When I star­ted writ­ing and pho­to­graph­ing Eggs On The Roof, I got used to vari­ations on a single, puzzled ques­tion: but what’s it for? The answer to start with was very simple — a slightly apo­lo­getic it’s for me. I wanted to write about food, books I’d read, paint­ings I’d seen and the funny things that happened along the way. I couldn’t do that as a journ­al­ist and cer­tainly not as part of the PhD I’m inch­ing towards com­plet­ing. But over the past year I’ve dis­covered that it’s not just for me after all. I’ve made some won­der­ful friends through Eggs On The Roof. So this birth­day is a joint cel­eb­ra­tion. Happy Birth­day to Eggs On The Roof and happy first birth­day to you too.

Any birth­day needs cel­eb­rat­ing, prefer­ably with cake. And this cake is a good one. It’s light and flour-less and just as import­antly, it’s quick and extremely easy to make. Which means you have more time left to celebrate.

Chocol­ate Mousse Cake With a Hint of Crys­tal­lised Ginger and a Whole Lot of Whipped Cream

50g best dark chocol­ate, min­imum 70% cocoa solids

50g best milk chocolate

100g Green and Black’s dark chocol­ate with ginger, which is 60% cocoa solids. If you can’t get this, use 100g of best dark chocol­ate and add around a tea­spoon of crys­tal­lised ginger, minced very finely. Just remem­ber that you need a total of 200g of chocol­ate for this recipe.

150g slightly salted butter

9 medium eggs separated

6 table­spoons caster sugar

250 ml heavy or double cream, whipped until soft peaks form

Pre­heat the oven to 175 degrees C. But­ter two 18 cm cake tins and line with bak­ing parchment.

Melt the chocol­ate and but­ter in a bowl over a pan of sim­mer­ing water — add the ginger too, if using. While the chocol­ate melts, sep­ar­ate the egg yolks and whites into two bowls. Stir the yolks with a fork and whisk the egg whites until they form stiff peaks. Whisk the sugar into the whites. Once the chocol­ate has melted fully, allow it to cool for a few minutes and then mix in the eggs yolks. Gently fold in the egg whites, sep­ar­ate the mix­ture between the two cake tins and bake in the oven for around 20 minutes. Remove from the tins, allow to cool and then sand­wich the two halves together with whipped cream. As the two halves cool they will sink slightly and wrinkle like a Saint Bernard’s fore­head. If you want a smooth top to your cake, make sure that you turn the top layer upside down.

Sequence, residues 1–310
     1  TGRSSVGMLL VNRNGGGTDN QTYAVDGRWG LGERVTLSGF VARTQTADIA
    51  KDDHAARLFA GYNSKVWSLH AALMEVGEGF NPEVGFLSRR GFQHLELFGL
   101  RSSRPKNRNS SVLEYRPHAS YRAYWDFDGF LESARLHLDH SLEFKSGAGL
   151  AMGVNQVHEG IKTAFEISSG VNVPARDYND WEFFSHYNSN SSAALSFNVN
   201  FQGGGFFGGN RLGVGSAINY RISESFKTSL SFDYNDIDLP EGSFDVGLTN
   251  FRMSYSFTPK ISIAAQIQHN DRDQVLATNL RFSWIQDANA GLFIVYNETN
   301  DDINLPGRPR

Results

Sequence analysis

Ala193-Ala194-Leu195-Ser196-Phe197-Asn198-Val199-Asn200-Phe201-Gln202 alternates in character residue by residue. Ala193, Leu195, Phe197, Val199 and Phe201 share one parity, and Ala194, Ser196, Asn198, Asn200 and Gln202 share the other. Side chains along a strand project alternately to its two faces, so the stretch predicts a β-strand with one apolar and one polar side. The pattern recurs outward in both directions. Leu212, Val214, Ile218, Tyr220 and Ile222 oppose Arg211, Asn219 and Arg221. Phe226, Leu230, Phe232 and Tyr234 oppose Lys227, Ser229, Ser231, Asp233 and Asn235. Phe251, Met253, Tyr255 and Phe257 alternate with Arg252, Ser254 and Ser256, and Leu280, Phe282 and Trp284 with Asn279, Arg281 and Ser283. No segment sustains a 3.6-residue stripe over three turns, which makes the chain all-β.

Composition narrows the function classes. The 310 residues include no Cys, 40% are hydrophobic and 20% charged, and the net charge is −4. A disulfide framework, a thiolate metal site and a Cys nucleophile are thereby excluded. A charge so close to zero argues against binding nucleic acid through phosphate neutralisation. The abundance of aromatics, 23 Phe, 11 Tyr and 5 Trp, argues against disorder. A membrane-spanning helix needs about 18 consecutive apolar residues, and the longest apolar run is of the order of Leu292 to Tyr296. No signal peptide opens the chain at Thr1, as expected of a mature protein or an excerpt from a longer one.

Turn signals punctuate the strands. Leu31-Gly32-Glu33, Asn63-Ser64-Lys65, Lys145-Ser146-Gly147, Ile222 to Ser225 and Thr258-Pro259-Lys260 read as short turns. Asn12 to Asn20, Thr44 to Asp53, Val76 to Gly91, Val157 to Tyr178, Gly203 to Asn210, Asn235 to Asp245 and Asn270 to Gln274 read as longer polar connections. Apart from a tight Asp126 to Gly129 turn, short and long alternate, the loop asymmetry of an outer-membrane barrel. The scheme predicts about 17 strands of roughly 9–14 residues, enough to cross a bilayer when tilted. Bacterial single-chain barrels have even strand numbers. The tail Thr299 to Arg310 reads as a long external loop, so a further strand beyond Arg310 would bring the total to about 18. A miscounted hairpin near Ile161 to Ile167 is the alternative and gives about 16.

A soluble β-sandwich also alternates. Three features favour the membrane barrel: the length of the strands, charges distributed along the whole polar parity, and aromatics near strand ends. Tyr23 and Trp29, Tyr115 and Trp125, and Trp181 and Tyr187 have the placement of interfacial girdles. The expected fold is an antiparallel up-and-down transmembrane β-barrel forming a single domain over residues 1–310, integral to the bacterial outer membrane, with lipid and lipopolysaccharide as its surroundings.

Polenta and pear crossover deluxe

Lemon polenta cake means it’s birth­day time in our house. A sack of polenta has a solid heft; plump, sturdy and chirpily yel­low. You could have a good pil­low fight with a bag of polenta.

But, birth­days aside, some­times a pud­ding is what you need. So this is my polenta cake/pear pud­ding cros­sover deluxe.

I’ve adap­ted the base of this recipe from the River Cafe’s lemon polenta cake. The ori­ginal is a vast, deli­cious mat­tress of a cake; my ver­sion is less of a duvet, more of a blanket.

225g but­ter (If it’s unsalted, add a pinch of salt. If your but­ter is slightly salted, which mine always is, just omit the pinch)

225g vanilla sugar

225g ground almonds

2 tea­spoons vanilla extract

3 eggs

Juice of 1 lemon

Zest of 2 lemons

115g polenta

1 tea­spoon bak­ing powder

Mix the but­ter and sugar thor­oughly together. Stir in the almonds and vanilla extract and add the eggs, one at a time. Fold in the lemon juice and zest, along with the polenta and the bak­ing powder. Pour the mix­ture into a buttered flan dish, about 10 inches in dia­meter. Peel, core and thinly slice the pears.

Poke the slices of pear into the polenta mix­ture, in two con­cent­ric circles.

Bake at 160 degrees C for about thirty minutes. The top should be a rich dark brown and the pears soft.

Enjoy for break­fast, lunch and tea — if you’re lucky, all on the same day.